And really who believes the corporation is just going to give up and leave all that potential money. Can you say sequel? And yes I will go see the sequel and be dazzled for a few hours. I love circus side shows too.

Tuesday, January 12, 2010

Speaking of Genomes part 2

In the, for lack of a better word, battle between science and religion some voices of reconciliation are being heard. Not because of their volume but from where they speak. Francis Collins is one such voice. He is one with impressive credentials being the director of the Human Genome Project and all; that little hobby of his that mapped the vast vocabulary of life's indwelling "grammar". Collins calls this grammar the language of God.

In his book, The Language of God, Collins systematically lays out a philosophy that science and religion are not only complementary but are both essential for a complete understanding of the world.

Yea, yea I know the premise of the compatibility of God and reason has been expressed elsewhere and with better poetry as with Thomas Aquinas, " For Faith is not opposed to reason but is of that which reason cannot reach." Or as JP2 said, "Faith and reason are like two wings on which the human spirit rises to the contemplation of truth..."

The cool thing about this book is how he came to write it. Collins was homeschooled in an non-religious home - "freethinkers". Religion to him was something quaint and unrealistic so atheism was his logical choice for a world view. That was until he became a doctor and noticed the difference between the religious and non religious patients in how they faced grave and mortal illnesses. The religious ones faced it bravely and peacefully the later spent their time in a panic. When one of his patients asked him about his belief system he knew, as a scientist he could only answer this question with research and careful consideration.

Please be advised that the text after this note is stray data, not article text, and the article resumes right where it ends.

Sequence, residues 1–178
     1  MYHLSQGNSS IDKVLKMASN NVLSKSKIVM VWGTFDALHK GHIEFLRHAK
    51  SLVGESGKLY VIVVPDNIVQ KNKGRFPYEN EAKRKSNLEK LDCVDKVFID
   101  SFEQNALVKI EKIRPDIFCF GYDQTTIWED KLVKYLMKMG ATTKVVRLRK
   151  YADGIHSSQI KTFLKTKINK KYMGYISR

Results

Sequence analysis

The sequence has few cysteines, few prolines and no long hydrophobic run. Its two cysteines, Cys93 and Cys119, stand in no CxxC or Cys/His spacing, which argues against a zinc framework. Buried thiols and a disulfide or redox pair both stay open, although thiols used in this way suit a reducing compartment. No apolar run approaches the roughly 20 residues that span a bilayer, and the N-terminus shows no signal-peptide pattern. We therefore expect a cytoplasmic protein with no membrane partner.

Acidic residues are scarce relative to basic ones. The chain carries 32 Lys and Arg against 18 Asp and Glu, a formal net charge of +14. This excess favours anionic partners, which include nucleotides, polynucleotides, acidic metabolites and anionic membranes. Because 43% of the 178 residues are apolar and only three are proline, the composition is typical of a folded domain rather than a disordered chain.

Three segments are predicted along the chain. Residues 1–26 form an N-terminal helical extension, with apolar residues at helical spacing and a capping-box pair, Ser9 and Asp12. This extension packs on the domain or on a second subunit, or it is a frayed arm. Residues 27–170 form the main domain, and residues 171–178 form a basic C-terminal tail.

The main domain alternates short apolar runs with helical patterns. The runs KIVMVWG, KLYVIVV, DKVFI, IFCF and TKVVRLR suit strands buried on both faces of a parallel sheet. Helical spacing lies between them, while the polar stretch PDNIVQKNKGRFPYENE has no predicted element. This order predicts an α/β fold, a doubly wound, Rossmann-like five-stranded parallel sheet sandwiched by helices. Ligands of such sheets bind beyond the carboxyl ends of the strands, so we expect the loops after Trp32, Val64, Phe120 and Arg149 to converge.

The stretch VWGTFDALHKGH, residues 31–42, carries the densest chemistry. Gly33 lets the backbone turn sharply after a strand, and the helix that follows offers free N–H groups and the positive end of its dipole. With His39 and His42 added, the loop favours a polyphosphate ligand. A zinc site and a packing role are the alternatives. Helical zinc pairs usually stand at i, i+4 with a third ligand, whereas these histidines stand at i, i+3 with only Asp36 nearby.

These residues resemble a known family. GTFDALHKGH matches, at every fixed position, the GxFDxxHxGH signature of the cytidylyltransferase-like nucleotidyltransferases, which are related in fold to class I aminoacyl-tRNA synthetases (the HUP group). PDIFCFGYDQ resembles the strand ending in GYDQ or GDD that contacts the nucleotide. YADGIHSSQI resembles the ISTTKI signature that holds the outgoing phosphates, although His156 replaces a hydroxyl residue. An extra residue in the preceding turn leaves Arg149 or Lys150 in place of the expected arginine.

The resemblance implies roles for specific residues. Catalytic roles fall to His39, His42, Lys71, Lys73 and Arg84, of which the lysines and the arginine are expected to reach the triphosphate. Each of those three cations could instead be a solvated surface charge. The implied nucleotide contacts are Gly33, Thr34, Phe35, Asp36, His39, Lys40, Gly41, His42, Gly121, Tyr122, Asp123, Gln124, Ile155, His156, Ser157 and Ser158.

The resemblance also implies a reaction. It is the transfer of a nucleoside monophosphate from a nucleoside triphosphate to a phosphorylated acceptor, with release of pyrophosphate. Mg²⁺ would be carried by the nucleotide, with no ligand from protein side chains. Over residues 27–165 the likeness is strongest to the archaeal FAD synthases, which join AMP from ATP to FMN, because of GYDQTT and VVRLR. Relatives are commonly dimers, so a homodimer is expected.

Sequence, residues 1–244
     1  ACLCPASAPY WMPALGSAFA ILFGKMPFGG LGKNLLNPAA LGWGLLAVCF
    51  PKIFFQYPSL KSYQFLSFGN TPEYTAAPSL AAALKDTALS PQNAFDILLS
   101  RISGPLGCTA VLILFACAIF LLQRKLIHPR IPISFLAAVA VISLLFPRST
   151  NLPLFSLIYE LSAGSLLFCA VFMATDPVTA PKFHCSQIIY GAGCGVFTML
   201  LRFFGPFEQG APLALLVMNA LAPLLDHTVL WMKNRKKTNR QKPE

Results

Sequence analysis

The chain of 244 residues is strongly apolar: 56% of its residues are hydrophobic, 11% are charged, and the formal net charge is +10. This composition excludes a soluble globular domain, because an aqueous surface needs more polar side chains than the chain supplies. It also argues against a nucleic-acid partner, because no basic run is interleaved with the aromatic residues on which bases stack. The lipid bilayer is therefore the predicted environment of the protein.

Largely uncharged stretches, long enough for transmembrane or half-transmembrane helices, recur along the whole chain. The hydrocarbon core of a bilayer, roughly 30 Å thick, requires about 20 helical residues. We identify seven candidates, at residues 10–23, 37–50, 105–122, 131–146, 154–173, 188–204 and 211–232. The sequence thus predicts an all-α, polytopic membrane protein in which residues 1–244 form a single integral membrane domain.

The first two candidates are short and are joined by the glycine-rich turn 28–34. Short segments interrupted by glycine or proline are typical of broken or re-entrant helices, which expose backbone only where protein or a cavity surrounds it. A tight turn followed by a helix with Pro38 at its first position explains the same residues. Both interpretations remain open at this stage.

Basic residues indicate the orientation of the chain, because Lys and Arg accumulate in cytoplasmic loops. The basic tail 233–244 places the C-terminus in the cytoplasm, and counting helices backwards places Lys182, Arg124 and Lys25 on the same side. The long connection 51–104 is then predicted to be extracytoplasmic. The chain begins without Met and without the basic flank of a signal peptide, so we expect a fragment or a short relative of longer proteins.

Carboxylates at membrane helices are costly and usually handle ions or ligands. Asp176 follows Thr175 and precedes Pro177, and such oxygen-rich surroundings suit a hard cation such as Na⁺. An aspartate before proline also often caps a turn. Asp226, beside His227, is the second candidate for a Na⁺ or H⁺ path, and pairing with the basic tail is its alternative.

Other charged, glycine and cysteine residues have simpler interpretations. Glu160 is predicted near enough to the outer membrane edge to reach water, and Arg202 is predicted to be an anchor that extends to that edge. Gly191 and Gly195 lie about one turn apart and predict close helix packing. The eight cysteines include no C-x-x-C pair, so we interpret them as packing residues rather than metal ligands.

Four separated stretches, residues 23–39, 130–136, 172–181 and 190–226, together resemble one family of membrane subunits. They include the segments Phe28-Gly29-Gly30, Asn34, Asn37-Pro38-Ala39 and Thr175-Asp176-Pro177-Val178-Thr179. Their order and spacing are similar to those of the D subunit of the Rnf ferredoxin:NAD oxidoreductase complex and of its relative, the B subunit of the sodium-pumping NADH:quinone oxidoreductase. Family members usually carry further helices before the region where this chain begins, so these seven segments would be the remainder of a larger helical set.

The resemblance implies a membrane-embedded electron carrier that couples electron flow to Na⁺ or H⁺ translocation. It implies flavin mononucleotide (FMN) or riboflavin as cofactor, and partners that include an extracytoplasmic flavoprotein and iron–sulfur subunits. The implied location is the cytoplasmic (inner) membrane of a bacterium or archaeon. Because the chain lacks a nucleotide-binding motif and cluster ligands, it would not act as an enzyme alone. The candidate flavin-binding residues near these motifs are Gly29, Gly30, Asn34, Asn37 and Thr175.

His study led him to Christianity. True, that's an old story but I never grow weary of hearing it. Collins openly credits our friend C. S. Lewis' book Mere Christianity for his spiritual Big Bang moment.

True not all of his writing and many of his other views do not square-up to orthodox Christianity but he is still young in this strange new land and he is courageous.
As he is willing to debate all comers on what Collins calls BioLogos, including Richard Dawkins.

For you Homeschoolers Collins' book would be a good addition to your science library and its a good read for us science groupies.

Monday, January 11, 2010

Speaking of Genomes part 1

In 2004 Svante Paabo, a paleogeneticist at the Max Planck Institute in Germany, announced he was going to reconstruct the Neanderthal genome. He has yet to succeed in that but is getting close and has a rough draft of the sequence complete. This sequence came from several cells from different samples. But he has yet to find a complete fully intact DNA specimen. But that has not stopped some of the groupies of the scientific community to speculate, "Will we ever clone a caveman?"

Since my son and I are Sci-fi nuts this prompted a lively discussion. Since Neanderthals are not considered human is there an ethical question? If the non-human speculation is correct they would not have souls? But what if the assumption is wrong - who decides? (These questions got batted around but they were beyond our pay grade and won't help with our screen play anyway. Where is Michael Crichton when you need him?)

How do you find a woman to carry this cave man to birth? The reality show fame alone would attract hundreds. "We could easily get those girls who want to sleep with Flava Flav." my son said.

What about the the new modern life of this cave man? Can you see him in public schools? A boy scout making his first fire? What about when he enters Junior High and the peer pressure to look good makes him ask his Mom for a piercing? Can you say sitcom?

As an adult he would have a career as commercial actor for insurance or a great career as a NFL linebacker.

Friday, January 01, 2010

Lear Clerihew

Thanks to Edward Lear
I no longer fear
any beard-nesting fowl
(except, perhaps, an owl).